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Gold Outlook for 2017 – Part I: Fundamentals at Year-end 2016

By Louis G. Navellier December 14, 2016

Last year around this time (December 14, 2015), gold slipped under $1,050 per ounce – its lowest level since 2009. The main reason for gold’s decline was the Federal Reserve’s decision to raise short-term interest rates by 0.25%, the first such rate increase in nine years.  At the time, the Fed indicated that they would raise rates up to four times in 2016, but that didn’t happen. The longer the Fed delayed its decision, the more gold rallied, reaching its 2016 high of $1,366 on July 6, shortly after the June 23 “Brexit” vote.

Since then, gold has declined by over $200 (-15%) to $1,160 as of last Friday.  Most of the decline came after the surprise victory of Donald Trump and the Republican Congress in the November 8 election. A secondary cause is the assumption that the Federal Reserve will once again decide to raise interest rates in their Federal Open Market Committee (FOMC) meeting this week. (The announcement will come on Wednesday, December 14).  With most economic statistics rising strongly in the last month, the Fed will have plenty of reasons to raise rates.  Like last December, the Fed and the major gold traders will likely assume that several more interest rate increases will follow in 2017, thereby putting a damper on gold.

 

Gold in 2016; source: Kitco.com

Gold in 2016; source: Kitco.com

Right now, the reigning assumptions are that the U.S. economy will grow strongly under new policies instituted by President-elect Trump and his supposedly compliant Republican Congress.  But there can be several credible scenarios whereby the Congress and President bicker and falter over necessary details, or the economy doesn’t respond as positively as expected to their policies. Most likely, there will also be major disruptions in foreign hot spots like North Korea, Iran, Russia, Iraq, Syria – and especially China.

Gold can be a “crisis hedge” when foreign conflicts heat up.  It can also be an “inflation hedge,” if we see prices start creeping up in tandem with economic growth.  Gold is also a hedge against volatility in other markets. Right now, gold is down and stocks are rising but the reverse situation can return at any moment.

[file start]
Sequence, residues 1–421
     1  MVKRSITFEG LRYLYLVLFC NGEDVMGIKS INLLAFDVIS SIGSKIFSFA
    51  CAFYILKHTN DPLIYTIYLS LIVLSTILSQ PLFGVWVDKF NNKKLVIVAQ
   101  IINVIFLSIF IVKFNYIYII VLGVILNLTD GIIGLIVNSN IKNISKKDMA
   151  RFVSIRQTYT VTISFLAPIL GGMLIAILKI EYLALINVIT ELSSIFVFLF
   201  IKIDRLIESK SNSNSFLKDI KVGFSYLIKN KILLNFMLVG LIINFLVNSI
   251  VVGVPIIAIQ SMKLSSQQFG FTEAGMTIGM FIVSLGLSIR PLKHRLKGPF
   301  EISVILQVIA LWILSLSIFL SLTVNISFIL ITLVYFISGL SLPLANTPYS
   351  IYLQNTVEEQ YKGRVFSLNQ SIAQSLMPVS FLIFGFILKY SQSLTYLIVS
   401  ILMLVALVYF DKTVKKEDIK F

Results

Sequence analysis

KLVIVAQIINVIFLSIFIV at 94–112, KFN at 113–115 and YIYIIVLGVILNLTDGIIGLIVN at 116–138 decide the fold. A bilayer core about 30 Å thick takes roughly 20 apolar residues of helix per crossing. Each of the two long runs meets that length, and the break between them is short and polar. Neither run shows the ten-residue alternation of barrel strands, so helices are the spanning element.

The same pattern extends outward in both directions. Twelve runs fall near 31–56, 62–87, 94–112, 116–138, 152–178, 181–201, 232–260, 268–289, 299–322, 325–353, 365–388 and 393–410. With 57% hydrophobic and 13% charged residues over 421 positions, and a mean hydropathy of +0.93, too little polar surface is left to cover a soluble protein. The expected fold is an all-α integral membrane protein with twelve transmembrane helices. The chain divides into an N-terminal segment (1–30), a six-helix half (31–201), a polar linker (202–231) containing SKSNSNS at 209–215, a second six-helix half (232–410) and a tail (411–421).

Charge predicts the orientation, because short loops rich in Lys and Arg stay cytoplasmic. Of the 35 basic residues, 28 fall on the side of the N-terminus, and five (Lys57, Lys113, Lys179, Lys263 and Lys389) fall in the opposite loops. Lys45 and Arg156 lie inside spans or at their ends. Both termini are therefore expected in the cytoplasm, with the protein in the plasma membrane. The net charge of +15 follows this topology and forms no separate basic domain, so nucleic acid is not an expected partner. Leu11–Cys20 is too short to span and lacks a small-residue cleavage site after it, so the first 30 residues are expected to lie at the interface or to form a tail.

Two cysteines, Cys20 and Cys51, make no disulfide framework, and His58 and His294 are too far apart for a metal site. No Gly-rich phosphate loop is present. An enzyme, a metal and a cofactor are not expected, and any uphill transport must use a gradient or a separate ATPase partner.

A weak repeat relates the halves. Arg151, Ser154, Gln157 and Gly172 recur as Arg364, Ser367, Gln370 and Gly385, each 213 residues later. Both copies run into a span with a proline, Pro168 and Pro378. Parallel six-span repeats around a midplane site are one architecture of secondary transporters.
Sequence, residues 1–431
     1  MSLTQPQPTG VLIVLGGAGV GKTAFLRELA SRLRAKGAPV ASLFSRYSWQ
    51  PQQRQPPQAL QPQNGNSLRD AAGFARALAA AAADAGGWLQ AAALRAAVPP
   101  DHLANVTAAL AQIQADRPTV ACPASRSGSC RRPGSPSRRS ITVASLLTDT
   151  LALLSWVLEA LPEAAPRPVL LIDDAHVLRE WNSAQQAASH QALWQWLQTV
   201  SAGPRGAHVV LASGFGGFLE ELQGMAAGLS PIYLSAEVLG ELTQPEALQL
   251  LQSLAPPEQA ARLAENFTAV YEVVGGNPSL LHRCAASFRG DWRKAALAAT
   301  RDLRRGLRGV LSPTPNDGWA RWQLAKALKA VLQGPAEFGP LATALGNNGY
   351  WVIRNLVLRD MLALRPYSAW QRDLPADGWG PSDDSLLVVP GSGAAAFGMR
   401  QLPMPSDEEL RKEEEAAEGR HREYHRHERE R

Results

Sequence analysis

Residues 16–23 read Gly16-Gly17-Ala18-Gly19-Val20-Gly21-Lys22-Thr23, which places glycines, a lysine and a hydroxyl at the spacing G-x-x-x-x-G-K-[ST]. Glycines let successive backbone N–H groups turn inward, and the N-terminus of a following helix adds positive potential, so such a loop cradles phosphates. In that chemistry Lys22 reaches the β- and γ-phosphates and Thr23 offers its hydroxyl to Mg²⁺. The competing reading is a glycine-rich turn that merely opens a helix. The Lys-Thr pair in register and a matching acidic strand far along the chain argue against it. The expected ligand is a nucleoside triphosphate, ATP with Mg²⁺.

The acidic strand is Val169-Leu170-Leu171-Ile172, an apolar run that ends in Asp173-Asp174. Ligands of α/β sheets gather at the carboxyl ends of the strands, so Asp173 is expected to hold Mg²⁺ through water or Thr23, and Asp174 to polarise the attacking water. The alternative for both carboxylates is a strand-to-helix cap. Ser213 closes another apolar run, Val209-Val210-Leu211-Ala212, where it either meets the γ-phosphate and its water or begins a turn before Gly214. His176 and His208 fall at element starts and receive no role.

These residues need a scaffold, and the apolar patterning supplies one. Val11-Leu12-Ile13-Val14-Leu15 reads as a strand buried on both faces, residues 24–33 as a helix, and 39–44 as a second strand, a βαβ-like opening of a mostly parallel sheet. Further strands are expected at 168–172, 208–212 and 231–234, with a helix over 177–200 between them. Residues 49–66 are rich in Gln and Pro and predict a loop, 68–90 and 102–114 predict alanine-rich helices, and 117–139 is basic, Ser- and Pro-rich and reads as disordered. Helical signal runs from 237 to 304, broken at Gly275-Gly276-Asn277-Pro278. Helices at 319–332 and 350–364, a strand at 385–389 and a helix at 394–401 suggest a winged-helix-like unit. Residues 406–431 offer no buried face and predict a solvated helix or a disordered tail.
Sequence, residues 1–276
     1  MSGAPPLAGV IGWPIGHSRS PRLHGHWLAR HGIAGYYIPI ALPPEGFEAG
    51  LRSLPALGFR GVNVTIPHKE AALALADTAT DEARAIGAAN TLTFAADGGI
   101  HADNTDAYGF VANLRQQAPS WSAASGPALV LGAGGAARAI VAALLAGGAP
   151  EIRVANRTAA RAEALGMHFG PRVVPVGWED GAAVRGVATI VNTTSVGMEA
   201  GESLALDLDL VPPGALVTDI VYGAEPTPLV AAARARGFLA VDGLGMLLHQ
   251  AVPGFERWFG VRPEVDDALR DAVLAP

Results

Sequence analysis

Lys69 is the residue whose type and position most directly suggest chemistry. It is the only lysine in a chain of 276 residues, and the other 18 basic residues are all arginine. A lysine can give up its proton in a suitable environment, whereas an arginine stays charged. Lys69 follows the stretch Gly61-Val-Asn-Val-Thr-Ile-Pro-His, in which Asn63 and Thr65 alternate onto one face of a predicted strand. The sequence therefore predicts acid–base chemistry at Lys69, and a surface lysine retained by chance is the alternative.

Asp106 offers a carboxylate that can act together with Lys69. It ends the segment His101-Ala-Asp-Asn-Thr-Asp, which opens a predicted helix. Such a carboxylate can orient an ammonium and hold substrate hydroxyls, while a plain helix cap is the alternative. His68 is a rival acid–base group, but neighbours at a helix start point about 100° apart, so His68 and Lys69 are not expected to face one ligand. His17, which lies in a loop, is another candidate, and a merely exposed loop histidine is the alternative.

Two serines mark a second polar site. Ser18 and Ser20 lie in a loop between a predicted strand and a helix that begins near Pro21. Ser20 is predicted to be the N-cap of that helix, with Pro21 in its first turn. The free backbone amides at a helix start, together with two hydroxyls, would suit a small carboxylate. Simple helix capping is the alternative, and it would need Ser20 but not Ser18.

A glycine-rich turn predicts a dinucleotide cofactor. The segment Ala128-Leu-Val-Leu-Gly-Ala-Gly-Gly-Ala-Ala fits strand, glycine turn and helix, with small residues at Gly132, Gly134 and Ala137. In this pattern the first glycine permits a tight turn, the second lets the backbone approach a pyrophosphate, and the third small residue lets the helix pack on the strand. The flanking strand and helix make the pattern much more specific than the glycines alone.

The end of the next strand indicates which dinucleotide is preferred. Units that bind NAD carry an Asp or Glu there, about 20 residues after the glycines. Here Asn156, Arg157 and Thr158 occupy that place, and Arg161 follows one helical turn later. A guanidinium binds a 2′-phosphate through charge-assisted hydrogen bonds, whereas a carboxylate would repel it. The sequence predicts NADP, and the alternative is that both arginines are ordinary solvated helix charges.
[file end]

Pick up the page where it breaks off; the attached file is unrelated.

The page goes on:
The new Trump policies – including a proposed trillion-dollar infrastructure bill – might also balloon the budget deficit past $1 trillion per year in each of his first two years.  As the following chart shows, there has been a long-term correlation between the total public debt and the price of gold.  When gold rises faster than debt, that’s a time to sell gold, but there has been a huge growth in public debt under President Obama – over $7.5 trillion in eight years – but there has been very little net rise in gold under Obama:

Table 2

In recent years, gold ETF traders have been the “tail that wags the dog” in the gold market.  Even though China and India are responsible for far more physical gold buying than the U.S. and Europe, the leveraged futures and ETF markets in America tend to push gold higher or lower based on the reigning trend of the mob.  Earlier this year, gold ETF buying overwhelmed slow physical demand, but now the reverse is true: Although gold’s price fell almost 8% in November, the U.S. Mint reported that their sales of gold bullion coins rose for the fourth month in a row, reaching their greatest sales monthly sales total since July, 2015.

Anti-Gold Attacks in India and China Also Dampen Gold’s Price

India and China are the two leading nations for gold demand, accounting for 50% of annual demand for the physical metal.  This year, the Chinese government has been actively limiting the number of firms allowed to import gold, while India’s government has staged an all-out attack on their cash economy and gold.  The Modi government recently banned 500-rupee and 1,000-rupee banknotes (worth only about $7.30 and $14.50, respectively) in an attempt to attack private cash purchases of gold, primarily in India’s rural regions, where gold comprises a major feature in Indian wedding ceremonies and a bride’s dowry.